Joel Schlesinger

  • Dollars for young scholars

    The Canada Learning Bond offers cash for low-income families to save for their children's future. It's hard to imagine a better government program. The bond is worth up to $2,000 per child in free contributions from the government to an RESP.
  • Downsized retirement?

    Tabitha was recently laid off, leaving her scrambling to get her finances in order as she approaches retirement. "I plan to find work but I just haven't been successful," says the 59-year-old, who owns a condo worth about $225,000.
  • No child's play: Toy industry not as lucrative as one might think

    Ray England has seen trends come and go in the toy industry over the last 40 years, from Beanie Babies to Cabbage Patch Kids. Today's trendy toy can just as easily be tomorrow's collector of dust particles, he says.
  • Risky business

    Stanley and Helen have had plenty of success investing real estate in the past, so they thought their most recent venture would be a no-brainer. Instead, it's turned out to be more of a cash-flow drainer.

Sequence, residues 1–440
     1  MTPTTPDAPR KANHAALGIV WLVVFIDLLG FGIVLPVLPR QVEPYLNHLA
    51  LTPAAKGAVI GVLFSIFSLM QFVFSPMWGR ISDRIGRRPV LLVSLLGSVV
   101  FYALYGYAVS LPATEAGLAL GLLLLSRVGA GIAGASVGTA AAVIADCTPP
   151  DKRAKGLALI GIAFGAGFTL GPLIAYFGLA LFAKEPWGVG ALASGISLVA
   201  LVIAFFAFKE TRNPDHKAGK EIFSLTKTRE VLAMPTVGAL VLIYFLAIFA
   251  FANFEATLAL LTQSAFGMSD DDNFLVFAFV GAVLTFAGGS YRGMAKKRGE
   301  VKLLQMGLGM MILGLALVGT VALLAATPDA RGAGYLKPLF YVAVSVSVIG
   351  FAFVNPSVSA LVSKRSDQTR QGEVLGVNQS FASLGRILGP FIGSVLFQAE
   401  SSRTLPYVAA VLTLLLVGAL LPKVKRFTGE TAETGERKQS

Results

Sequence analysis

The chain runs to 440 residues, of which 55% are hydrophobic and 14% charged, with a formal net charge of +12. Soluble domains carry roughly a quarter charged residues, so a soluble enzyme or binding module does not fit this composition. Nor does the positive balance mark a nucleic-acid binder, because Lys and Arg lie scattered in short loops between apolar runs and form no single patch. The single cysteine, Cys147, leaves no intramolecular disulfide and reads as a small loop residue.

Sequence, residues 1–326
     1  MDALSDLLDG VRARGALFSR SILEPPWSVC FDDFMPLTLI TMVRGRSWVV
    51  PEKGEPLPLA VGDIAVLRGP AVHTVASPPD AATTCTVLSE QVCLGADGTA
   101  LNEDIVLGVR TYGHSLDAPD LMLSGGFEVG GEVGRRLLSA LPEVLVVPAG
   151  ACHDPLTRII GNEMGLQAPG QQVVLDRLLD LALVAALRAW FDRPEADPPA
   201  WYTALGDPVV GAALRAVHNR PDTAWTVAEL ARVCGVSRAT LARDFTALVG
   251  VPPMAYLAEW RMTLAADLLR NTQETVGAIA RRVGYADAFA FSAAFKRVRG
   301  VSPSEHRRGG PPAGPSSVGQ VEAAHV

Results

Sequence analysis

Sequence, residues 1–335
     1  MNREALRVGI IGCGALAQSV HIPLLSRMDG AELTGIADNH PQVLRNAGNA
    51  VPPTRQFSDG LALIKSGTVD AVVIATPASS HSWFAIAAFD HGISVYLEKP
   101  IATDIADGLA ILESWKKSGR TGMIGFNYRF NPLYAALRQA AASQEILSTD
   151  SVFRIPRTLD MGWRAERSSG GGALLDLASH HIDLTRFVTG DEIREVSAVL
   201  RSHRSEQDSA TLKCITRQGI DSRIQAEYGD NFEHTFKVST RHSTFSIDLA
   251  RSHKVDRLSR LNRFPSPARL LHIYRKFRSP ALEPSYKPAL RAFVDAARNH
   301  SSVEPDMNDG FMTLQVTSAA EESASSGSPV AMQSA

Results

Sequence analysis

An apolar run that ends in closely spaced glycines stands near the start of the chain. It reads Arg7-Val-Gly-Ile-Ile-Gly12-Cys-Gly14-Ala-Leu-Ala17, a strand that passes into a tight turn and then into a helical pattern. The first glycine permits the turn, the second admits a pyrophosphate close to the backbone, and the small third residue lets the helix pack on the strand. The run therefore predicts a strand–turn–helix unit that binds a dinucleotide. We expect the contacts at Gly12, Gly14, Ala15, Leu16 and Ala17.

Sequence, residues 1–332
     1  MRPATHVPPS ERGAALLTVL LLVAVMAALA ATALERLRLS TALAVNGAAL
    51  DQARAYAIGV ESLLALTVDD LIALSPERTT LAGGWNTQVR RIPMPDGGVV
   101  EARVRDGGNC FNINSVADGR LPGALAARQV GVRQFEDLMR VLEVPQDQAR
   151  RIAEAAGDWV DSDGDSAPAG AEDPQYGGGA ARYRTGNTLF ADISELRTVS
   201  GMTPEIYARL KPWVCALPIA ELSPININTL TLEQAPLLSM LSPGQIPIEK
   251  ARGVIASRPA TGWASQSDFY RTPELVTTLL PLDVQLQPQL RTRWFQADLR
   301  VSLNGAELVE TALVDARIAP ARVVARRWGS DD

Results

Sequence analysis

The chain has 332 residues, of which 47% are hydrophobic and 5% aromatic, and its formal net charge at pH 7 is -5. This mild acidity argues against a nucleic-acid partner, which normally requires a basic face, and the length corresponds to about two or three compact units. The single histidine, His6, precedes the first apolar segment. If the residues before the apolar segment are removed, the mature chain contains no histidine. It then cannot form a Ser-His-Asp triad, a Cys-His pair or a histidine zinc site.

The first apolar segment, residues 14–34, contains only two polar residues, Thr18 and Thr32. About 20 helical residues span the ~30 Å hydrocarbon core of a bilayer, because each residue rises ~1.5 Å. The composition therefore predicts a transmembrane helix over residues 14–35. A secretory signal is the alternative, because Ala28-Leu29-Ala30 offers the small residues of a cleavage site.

• The investment adviser, online

    Edward Kholodenko, the CEO and president of Questrade Financial Group, isn't a big fan of the term 'robo-advisers.' So when the company, better known as one of Canada's leading independent, online brokerage houses, launched its Portfolio IQ service earlier this month, he was quick to point out the new product for investors is anything but robotic.
  • Divorcing debt

    Since she got divorced, Georgette's bills have been piling up. While she's managed to keep up with the legal fees, the biggest adjustment has been living on one income. "You get so comfortable with the double-income, no-kids lifestyle that you don't even think about money," says the 30-year-old who works in finance, earning $50,000 a year.
  • Doing the splits

    The proposed income-splitting package is either a case of righting a wrong in our taxation system, or it's adding another wrong to an existing one that will make things worse. It all depends on your point of view.